In a major victory for Google Inc, US regulators on Thursday ended their investigation into the giant Internet company and concluded that it had not manipulated its Web search results to hurt rivals.
However, the Federal Trade Commission (FTC) did win promises from Google that it would end the practice of “scraping” reviews and other data from rivals’ Web sites for its own products, and to allow advertisers to export data to independently evaluate advertising campaigns.
Google also agreed to no longer request sales bans when suing companies which infringe on patents that are essential to ensuring interoperability, also known as standard essential patents, the FTC said on Thursday.
Microsoft Corp and other Google competitors have pressed the FTC to bring a broad antitrust case against Google similar to the sweeping US Department of Justice litigation against Microsoft in the 1990s.
Meanwhile smaller Internet companies such as Nextag have complained about Google tweaking its Web search results to give prominence to its own products, pushing down competitors’ rankings and making them more difficult for customers to find.
At a press conference, FTC Chairman Jon Leibowitz anticipated criticism of the agency’s decision to not further pursue Google on the so-called subject of search bias.
“Even though people would like us to bring a big search bias case, the facts aren’t there,” he said.
“The changes Google have agreed to make ensure that consumers continue to reap the benefits of competition in the online marketplace and in the market for innovative wireless devices they enjoy,” Leibowitz said.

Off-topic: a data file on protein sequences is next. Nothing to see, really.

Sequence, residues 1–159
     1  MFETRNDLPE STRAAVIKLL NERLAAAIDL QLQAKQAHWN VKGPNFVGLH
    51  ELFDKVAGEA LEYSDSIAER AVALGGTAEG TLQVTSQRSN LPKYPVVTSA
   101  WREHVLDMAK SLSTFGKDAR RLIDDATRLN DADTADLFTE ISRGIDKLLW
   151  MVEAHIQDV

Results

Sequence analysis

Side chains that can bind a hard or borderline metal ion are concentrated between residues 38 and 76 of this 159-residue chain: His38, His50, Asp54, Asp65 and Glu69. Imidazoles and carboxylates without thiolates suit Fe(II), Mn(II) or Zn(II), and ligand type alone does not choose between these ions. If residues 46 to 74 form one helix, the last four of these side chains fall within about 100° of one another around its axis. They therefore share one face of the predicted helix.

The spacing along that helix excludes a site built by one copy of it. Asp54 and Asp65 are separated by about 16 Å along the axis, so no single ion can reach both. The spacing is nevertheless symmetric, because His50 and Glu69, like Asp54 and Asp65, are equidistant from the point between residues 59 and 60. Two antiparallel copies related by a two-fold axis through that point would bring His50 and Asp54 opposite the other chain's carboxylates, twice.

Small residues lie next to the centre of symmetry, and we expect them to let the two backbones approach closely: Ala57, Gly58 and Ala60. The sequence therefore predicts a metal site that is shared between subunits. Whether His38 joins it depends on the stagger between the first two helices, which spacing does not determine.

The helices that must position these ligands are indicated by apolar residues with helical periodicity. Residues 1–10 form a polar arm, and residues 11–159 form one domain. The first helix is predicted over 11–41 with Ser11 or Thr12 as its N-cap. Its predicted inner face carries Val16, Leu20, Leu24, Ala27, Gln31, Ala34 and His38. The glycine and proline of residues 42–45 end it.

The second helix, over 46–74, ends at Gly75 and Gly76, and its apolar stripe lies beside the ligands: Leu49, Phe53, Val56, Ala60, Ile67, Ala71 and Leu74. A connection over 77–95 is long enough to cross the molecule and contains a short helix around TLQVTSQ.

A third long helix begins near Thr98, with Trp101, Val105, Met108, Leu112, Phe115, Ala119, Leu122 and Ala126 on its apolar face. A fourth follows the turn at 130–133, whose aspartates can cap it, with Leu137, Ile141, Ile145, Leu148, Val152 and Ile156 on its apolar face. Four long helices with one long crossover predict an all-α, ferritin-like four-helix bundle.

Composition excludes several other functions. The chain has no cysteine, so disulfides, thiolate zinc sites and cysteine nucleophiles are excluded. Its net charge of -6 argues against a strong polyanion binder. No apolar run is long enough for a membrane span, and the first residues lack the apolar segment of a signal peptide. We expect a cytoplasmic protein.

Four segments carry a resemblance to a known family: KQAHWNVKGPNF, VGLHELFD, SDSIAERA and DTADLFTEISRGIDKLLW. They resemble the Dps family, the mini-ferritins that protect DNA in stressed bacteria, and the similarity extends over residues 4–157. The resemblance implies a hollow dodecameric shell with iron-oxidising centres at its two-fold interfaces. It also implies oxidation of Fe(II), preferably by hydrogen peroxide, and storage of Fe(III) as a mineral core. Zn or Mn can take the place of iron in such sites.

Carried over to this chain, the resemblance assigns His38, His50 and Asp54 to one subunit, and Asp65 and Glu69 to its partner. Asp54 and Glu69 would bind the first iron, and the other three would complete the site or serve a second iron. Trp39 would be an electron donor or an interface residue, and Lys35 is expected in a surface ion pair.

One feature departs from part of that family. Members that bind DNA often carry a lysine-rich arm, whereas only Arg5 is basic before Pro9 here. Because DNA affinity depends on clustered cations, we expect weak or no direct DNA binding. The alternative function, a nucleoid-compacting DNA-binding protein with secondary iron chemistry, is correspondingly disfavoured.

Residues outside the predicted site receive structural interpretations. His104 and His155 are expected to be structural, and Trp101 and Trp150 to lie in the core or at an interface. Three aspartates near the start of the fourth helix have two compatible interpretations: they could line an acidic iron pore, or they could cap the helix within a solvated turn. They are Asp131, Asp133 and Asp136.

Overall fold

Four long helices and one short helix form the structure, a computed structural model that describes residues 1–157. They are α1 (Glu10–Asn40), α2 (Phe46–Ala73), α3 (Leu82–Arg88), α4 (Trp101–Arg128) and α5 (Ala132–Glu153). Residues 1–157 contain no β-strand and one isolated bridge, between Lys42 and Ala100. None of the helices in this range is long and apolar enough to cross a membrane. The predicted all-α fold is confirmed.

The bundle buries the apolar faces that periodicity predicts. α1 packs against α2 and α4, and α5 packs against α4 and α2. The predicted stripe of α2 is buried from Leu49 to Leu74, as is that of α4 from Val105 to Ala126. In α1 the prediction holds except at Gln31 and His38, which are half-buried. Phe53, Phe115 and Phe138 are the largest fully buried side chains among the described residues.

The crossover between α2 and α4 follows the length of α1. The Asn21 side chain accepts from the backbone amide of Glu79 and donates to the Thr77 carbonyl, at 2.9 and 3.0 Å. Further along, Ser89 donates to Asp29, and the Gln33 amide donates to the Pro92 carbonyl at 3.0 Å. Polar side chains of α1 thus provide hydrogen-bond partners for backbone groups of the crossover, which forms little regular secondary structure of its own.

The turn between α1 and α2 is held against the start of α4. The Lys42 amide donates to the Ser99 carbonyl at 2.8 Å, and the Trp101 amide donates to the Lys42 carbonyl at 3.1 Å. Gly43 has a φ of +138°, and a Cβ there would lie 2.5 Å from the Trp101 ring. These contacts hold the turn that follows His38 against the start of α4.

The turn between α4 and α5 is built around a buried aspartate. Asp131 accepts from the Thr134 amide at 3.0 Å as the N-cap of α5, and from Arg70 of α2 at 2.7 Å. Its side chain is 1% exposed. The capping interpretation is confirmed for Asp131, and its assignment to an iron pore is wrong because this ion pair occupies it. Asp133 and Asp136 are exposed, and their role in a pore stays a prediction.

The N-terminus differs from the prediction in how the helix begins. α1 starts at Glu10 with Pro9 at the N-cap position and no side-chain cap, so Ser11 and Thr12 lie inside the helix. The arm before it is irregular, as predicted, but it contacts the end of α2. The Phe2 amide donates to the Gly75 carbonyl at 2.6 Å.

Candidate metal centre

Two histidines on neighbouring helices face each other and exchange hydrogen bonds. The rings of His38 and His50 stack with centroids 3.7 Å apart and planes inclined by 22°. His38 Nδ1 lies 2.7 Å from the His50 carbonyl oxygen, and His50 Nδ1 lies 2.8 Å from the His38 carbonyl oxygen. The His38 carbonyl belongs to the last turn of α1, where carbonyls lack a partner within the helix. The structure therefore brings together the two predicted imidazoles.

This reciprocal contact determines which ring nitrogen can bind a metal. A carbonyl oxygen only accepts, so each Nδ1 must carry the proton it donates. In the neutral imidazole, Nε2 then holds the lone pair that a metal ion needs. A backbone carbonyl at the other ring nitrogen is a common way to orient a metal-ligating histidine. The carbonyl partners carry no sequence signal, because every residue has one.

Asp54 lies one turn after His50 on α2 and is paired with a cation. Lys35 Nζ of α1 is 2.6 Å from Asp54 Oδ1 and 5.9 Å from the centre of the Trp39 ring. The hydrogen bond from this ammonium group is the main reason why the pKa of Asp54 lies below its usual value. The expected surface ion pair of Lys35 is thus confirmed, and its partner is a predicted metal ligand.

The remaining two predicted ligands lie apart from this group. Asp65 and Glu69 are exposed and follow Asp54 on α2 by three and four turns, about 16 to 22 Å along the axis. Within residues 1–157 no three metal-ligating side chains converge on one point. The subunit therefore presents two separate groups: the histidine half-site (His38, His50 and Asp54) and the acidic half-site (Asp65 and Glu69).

The commission voted four to one to settle the patent investigation into Google’s injunction requests. It voted five to zero to end the probe of Google’s search practices.
The news had little impact on Google shares, which closed up US$0.42 at US$723.67 on Thursday, as most investors had expected the FTC probe to conclude without inflicting major damage.
Yelp Inc, which operates the social networking and user review Web site yelp.com, had complained about scraped reviews, and said it was disappointed with the result of the FTC probe.
“The closure of the commission’s investigation into search bias by Google without action ... represents a missed opportunity to protect innovation in the Internet economy,” Yelp spokesman Vince Sollitto wrote in an e-mail. “We look for the regulatory bodies continuing their investigation to have greater success.”
Microsoft had no immediate comment, but Dave Heiner, its deputy general counsel, complained in a blog post on Wednesday about “Google’s misconduct,” specifically blocking a fully featured YouTube, which Google owns, from the Windows Phone.
Gary Reback, who represents a group of Google’s critics, including Nextag, said he thought the investigation was inadequate since the FTC failed to respond to his clients’ assertions that they had been hurt by Google and asked few questions in its civil subpoenas.
“They talked about how thorough and exhaustive the investigation was but that’s really rubbish,” said Reback, who is with the law firm Carr & Ferrell LLP and is best known for his work against Microsoft in the 1990s.
“I’ve never seen anything as shallow and incomplete as this was,” he said
Google’s David Drummond, the company’s chief legal officer, said the FTC announcement on Thursday meant that “Google’s services are good for users and good for competition.”
The EU, based in Brussels, is conducting a parallel probe of Google. It announced on Dec. 18 that it was giving the company a month to come up with proposals to resolve its probe.
The European Commission has been examining informal settlement proposals from Google since July last year but has not sought feedback from the complainants, suggesting it is not convinced by what Google has put on the table so far.